MINNEAPOLIS — Jurors met for a second day of deliberations on Tuesday, April 20, in the trial of Derek Chauvin, the former Minneapolis police officer charged with murder and manslaughter after kneeling on the neck of a dying George Floyd during an arrest last May.
The 12 sequestered jurors are considering three weeks of testimony from 45 witnesses, including bystanders, police officials and medical experts, along with hours of video evidence that make up the most high-profile U.S. case involving accusations of police misconduct in decades.
Chauvin, who is white, has pleaded not guilty to second-degree unintentional murder, third-degree murder and second-degree manslaughter.
The jury began its deliberations on Monday, April 19, after listening to closing arguments for most of the day. Jurors must reach a unanimous verdict on each charge to convict or acquit. A single hold-out would result in a mistrial, although the state could then try Chauvin again.
In an arrest captured on video, Chauvin pushed his knee into the neck of Floyd, a 46-year-old handcuffed Black man, for more than 9 minutes outside the grocery store where Floyd had been accused of buying cigarettes with a fake $20 bill.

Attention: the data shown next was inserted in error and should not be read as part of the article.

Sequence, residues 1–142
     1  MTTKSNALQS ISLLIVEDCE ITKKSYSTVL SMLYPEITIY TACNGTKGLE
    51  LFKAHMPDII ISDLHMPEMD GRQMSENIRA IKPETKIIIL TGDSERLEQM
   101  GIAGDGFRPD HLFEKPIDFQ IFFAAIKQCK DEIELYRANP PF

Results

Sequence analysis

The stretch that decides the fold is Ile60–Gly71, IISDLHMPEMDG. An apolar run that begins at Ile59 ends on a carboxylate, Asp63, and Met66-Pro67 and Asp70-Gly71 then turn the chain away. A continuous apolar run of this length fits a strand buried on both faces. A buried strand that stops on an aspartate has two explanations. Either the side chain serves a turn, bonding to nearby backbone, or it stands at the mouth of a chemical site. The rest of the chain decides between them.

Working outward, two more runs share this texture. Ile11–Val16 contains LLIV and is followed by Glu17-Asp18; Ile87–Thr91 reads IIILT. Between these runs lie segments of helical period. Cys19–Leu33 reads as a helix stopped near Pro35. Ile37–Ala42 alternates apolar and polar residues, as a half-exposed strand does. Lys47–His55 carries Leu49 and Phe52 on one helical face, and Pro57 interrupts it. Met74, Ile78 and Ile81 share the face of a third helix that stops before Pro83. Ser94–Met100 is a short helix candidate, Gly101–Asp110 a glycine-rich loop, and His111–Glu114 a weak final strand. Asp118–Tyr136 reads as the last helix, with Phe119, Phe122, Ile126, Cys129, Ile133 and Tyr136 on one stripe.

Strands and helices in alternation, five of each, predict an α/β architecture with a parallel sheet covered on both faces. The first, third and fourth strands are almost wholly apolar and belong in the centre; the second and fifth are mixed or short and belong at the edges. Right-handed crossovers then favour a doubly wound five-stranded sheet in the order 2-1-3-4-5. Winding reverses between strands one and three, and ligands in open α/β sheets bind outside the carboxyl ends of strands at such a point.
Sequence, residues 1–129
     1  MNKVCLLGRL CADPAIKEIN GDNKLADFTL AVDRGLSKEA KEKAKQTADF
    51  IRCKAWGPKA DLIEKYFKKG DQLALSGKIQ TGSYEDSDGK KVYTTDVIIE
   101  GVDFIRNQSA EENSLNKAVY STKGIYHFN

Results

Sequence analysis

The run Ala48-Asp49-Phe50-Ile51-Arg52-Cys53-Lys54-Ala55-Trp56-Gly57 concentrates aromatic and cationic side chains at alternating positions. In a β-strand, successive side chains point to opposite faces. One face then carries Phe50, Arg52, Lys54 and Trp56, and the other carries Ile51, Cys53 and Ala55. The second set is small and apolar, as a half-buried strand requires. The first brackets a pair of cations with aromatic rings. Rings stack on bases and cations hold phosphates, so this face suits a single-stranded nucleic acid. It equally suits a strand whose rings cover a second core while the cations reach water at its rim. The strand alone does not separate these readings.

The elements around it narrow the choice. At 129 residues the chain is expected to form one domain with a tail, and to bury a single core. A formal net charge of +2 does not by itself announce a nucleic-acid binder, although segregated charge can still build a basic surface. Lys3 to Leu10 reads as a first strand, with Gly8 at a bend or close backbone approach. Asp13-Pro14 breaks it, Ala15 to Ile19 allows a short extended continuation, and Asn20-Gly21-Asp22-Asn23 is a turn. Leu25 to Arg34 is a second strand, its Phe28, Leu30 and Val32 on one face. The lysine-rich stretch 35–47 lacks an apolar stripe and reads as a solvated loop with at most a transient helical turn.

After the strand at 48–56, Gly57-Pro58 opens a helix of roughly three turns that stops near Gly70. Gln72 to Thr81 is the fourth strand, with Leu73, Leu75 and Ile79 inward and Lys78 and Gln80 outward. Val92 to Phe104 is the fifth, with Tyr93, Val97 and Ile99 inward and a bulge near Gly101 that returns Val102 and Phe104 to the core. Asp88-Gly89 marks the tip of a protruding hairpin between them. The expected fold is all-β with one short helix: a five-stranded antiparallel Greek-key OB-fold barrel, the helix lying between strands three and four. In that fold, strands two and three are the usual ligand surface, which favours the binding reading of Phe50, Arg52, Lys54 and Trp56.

Floyd's relatives, many of them traveling from Texas, have taken turns sitting in a single chair reserved for them in the courtroom.
U.S. President Joe Biden spoke with Floyd's family on Monday "to check in with them and also share that the family was in his prayers," White House Press Secretary Jen Psaki said.
Angela Harrelson, an aunt of Floyd, wrote in a text message that the family was "waiting nervously" for the verdict.
The case hinges on whether the jury believes the prosecution argument that Chauvin used excessive, and therefore illegal, force that killed Floyd. The defense has countered that Chauvin behaved as any "reasonable police officer" would," and sought to raise doubts about the cause of Floyd's death, saying heart disease or even the exhaust fumes from the nearby police car may have been factors.
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The jury is comprised of four white women, two white men, three Black men, one Black woman and two multiracial women, according to court records. The court has promised to shield their identities until some time after they give their verdict.
The courthouse is surrounded by high barricades and guarded by National Guard troops. Many downtown businesses have boarded up their windows for fear of a repeat of the violent street clashes that unfolded last year between police in riot gear and protesters, some of whom set fire to a police precinct house and damaged nearby property.
The jury can set its own deliberation schedule in consultation with Hennepin County District Judge Peter Cahill, the court said. It deliberated for four hours on Monday after receiving the case at 4 p.m., and resumed at 8 a.m. on Tuesday.